A User’s Guide to Tattoo Removal

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One in seven Americans has a tattoo. That's 41 million fluttering butterflies, tribal armbands, and Chinese letters. It also includes countless statements of unenduring love or of previous lines of work (like the accused Gambino hit man's rats get fat while good men die). Some people live with these glum glyphs; others grow up and find themselves in boardrooms on Monday, wishing they could do something about that purple gecko around their neck.

Today they can. For people willing to invest the time and money, current laser removal technology is offering a do-over for one of the last things in life you weren't supposed to be able to live down. A small to medium-size tattoo can cost anywhere from $1,300 to $5,000 to erase and require between three and 15 visits parceled out over many months. At least the procedure is nearly painless, especially when compared with its predecessors. Dermabrasion, for instance, entailed essentially wiping the tattoo off with a type of surgical sandpaper, and even the lasers used just five years ago frequently left white splotches where dragons or dogs once lay.

The Q-Switch laser, by contrast, explodes the pigment into the bloodstream, where it's absorbed and drifts harmlessly away – for the most part. "A small percentage of patients have brief allergic reactions," says Tulane University dermatologist Dr. Elizabeth McBurney, one of the country's leading removal authorities. McBurney also notes that the Q-Switch still struggles with the more stubborn pigments, such as yellow, orange, and green. And one very preliminary study in Germany suggests that a small amount of a carcinogen may be released into the blood during the bursting. But did you really expect the tattoo to give up without a fight?


On my right ankle is a self-inflicted tattoo I gave myself in my dorm room during my hippie-dippy freshman year. It's a crude rendition of the Hindu om character, which apparently symbolizes "everything" – I'm not sure, since I know nothing about Eastern religion. And over the years it's become increasingly tiresome pretending I do. So I call Manhattan dermatologist, and busy removal man, Dr. Jim Baral.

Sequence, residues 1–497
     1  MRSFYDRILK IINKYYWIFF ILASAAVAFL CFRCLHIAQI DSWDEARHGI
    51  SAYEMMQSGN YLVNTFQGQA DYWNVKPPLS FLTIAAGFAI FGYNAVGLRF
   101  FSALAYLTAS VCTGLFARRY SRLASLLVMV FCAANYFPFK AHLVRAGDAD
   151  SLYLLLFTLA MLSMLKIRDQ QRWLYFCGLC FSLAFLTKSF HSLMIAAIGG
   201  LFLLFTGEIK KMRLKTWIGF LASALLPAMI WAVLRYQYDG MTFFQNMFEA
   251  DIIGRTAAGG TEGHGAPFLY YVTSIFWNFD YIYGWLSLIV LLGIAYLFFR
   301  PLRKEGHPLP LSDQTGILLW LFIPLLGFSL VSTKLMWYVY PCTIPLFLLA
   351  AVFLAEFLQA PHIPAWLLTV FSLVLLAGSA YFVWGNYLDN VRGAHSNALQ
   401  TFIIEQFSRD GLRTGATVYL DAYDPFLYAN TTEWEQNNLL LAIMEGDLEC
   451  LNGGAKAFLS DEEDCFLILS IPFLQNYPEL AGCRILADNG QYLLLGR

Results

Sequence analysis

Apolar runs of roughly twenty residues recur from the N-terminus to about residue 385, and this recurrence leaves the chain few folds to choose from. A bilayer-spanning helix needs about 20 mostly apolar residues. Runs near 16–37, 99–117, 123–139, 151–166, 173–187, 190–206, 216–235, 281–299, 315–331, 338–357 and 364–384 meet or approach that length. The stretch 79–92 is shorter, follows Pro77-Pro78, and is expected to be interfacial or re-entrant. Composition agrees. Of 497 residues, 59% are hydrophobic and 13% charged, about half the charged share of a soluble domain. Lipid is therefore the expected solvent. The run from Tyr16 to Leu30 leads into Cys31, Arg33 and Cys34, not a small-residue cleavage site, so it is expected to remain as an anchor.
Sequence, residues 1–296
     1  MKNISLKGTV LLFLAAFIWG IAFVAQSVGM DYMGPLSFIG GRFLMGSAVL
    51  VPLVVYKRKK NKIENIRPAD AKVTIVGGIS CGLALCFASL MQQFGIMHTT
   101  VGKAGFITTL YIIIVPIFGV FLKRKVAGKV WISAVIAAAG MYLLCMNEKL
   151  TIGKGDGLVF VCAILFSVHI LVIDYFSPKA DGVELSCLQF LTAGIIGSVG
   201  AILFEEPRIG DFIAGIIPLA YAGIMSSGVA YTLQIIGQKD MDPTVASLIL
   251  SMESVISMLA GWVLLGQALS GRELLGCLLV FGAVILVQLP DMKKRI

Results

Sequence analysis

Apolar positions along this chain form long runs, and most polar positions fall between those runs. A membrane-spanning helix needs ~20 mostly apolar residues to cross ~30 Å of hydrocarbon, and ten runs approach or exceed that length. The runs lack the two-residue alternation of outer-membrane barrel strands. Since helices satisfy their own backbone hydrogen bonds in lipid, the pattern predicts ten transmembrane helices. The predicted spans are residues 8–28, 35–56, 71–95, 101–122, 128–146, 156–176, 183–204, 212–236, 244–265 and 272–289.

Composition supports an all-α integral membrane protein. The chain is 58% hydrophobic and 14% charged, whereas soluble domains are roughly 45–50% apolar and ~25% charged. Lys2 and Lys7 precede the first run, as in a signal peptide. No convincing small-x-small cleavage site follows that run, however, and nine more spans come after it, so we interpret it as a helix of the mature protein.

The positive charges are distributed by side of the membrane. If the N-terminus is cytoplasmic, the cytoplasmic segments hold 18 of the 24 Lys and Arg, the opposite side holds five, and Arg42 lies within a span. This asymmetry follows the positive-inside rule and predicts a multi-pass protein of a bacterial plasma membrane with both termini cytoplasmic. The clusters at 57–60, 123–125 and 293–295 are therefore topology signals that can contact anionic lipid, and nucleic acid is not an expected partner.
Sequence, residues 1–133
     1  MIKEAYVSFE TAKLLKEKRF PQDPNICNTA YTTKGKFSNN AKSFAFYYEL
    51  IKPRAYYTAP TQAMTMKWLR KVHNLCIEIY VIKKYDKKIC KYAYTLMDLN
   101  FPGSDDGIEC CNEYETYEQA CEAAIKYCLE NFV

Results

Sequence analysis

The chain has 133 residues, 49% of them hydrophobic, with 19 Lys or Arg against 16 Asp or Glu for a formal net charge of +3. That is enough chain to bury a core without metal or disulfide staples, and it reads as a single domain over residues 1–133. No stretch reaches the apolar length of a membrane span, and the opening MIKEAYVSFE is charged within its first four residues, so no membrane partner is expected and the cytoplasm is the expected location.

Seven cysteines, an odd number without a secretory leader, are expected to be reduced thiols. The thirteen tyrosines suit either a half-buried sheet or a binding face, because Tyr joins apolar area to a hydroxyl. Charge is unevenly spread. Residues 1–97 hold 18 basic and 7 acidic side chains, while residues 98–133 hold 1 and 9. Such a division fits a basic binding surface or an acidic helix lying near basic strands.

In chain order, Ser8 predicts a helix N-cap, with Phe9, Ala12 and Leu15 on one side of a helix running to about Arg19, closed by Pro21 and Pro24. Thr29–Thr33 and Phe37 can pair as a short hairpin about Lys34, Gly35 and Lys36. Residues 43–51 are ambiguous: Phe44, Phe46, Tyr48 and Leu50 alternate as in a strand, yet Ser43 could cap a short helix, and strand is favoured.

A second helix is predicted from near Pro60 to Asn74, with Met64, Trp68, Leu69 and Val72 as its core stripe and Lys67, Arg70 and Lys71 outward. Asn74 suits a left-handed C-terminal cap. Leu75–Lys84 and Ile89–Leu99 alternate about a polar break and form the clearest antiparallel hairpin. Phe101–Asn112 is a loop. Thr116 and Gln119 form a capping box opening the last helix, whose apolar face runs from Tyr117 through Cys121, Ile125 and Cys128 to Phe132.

In the waiting room I meet Jeff, a 30-year-old bruiser from Queens who recently entered the corporate world. Jeff is sleeved with ink from his neck to his knuckles, and God knows where else. But here he is, waiting to have a smudged horseshoe removed from his middle finger. "Patients come to me for many reasons," Dr. Baral explains. "Sometimes their lifestyle has changed, or they have different career goals; someone wants to be a model, maybe. Also, you'd be surprised how many people are sent to me by the navy to have tattoos removed from their necks." (Military regulations forbid body art visible above the uniform collar.)

When I sit in the procedure chair I recline as though in a Barcalounger and rest my inked ankle on my knee. Dr. Baral numbs the skin with an anesthetic, hunches over the ankle with the laser, which makes a crackling sound, and six seconds later he's done. A few days after my first procedure I give my "exploded" om a close inspection. Dr. Baral says it will take a month for the ink to dissipate completely, but already the sharp lines are a few degrees fainter. A shallow wave of nostalgia washes over me. But then I remember I can always get another tattoo, and if I regret that one, I can always go back under the laser beam. finding a removal man

Given the demand for tattoo removal, any dermatologist worth his degree should at least be able to make a referral. Still, if you want more information (too bad you weren't this cautious when you had the tattoo done, huh?) see the American Academy of Dermatology's database on laser procedures. The American Society for Dermatologic Surgery also runs a nationwide directory of doctors who specialize in removal.